Quality Assurance is a process.
The most difficult thing about this Quality Assurance process is being prepared to write while in the dark. After that it is just paying attention to what is being played and – most importantly – its affect on you.
It may take 10 or 15 evaluations before you get comfortable. After that, every time you will notice something you hadn’t seen or heard or experienced before. It may just be interesting, not something getting worse – but you will start to be more aware of what you are aware of!
Sometimes you don’t know what you are looking at, or listening to, until there are problems. But once you get some experience with some odd noise or a subtle corner focus problem, or whatever, you’ll be hip to that forever. And, you’ll be one of the assets of that every director can dream of: Part of the team who gets their movie played correctly for your mutual audience.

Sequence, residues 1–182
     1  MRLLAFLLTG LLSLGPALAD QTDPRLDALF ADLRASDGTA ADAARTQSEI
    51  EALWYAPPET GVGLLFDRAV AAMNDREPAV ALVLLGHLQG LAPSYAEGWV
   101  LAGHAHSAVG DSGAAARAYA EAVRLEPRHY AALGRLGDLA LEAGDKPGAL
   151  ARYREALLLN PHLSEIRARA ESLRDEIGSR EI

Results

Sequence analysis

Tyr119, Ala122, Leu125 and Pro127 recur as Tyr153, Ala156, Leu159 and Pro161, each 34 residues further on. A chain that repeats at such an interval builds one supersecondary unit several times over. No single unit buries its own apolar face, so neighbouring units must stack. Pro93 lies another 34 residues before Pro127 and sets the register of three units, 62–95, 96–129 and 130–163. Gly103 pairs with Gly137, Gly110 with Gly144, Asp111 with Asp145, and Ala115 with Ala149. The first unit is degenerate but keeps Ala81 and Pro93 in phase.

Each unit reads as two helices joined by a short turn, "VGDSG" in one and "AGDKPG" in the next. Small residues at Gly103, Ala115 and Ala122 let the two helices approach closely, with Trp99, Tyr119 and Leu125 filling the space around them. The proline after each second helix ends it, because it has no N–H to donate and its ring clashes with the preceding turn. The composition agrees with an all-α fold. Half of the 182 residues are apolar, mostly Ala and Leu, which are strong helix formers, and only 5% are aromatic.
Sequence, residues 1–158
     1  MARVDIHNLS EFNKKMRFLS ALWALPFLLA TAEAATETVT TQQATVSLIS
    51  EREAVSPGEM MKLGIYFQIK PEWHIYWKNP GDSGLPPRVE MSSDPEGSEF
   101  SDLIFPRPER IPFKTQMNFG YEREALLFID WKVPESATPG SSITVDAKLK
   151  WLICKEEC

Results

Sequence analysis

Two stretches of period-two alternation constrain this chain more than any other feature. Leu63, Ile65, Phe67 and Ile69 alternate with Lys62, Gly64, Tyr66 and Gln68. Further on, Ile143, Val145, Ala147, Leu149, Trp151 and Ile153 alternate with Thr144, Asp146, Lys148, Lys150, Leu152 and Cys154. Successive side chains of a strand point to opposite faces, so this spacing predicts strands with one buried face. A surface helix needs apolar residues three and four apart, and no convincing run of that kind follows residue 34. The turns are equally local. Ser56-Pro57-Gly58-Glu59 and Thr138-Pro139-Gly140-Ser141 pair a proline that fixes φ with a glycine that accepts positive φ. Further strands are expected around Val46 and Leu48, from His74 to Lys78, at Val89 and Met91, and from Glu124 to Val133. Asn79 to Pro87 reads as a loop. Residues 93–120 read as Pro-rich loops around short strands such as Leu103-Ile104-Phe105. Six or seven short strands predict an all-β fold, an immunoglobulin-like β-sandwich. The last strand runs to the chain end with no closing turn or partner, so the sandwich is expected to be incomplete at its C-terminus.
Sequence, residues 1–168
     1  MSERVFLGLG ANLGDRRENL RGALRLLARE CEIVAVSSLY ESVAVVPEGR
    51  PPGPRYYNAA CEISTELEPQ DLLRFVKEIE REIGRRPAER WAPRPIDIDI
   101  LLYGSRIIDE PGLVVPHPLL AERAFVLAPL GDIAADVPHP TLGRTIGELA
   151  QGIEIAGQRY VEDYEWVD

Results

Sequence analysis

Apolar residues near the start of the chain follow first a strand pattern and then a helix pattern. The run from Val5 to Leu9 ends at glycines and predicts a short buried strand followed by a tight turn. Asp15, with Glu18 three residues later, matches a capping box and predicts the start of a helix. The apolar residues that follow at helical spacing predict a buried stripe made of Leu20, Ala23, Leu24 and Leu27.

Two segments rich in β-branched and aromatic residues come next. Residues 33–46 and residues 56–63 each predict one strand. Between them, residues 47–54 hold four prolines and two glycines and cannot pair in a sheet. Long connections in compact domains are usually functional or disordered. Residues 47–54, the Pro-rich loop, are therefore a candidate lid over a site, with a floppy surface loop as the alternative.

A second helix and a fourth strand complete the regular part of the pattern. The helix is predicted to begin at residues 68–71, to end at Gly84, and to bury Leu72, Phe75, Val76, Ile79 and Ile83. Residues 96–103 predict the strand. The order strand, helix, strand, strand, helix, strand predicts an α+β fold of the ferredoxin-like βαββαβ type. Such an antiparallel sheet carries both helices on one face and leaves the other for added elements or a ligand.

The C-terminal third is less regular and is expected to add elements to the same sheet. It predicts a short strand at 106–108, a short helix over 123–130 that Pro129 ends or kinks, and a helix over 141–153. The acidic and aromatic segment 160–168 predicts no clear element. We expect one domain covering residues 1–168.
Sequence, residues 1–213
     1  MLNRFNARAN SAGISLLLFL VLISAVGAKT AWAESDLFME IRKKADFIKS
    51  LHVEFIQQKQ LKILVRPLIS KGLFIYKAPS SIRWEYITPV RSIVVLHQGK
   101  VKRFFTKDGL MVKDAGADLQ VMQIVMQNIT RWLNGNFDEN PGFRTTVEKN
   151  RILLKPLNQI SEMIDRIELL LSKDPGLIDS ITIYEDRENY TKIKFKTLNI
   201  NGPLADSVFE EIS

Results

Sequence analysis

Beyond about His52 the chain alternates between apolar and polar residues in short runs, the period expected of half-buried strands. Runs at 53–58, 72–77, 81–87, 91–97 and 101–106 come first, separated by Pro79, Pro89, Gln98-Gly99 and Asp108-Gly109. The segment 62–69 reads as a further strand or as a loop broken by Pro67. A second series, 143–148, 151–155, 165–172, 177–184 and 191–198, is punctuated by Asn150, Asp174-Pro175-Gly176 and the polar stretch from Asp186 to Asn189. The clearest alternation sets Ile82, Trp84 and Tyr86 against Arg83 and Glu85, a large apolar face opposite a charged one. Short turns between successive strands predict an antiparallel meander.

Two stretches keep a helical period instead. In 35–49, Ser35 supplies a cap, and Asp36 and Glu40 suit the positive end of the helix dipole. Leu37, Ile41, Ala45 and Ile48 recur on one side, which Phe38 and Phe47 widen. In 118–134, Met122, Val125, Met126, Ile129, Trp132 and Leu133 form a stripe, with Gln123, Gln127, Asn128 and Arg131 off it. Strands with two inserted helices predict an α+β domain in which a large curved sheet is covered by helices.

It is important to know that this gradual way of noticing subtle things is the way that everyone learns these layers of nuance. Nobody is born a colorist or sound mixer or Quality Assurance expert. Keep going back to the lessons where you might pick up some detail, some subtle nuance that you didn’t realize was important before.
Here is a trick to look for. On the slides with the gradient bars and squares, there is one square in the center that has a ‘0’ in it. If your equipment is good and well set up, you can see 2 zeros. If you have exceptional contrast, you can see 3. You should let someone know if you can’t see any ‘0’, and if you see one or two or three one week and they disappear the next. Pay attention for a developing problem. You may notice that when a new bulb is put in, or if the port glass is cleaned well, that things get better again.
Over time you’ll be able to confidently identify developing issues and their solutions, and teach others as well. Good luck to us all.
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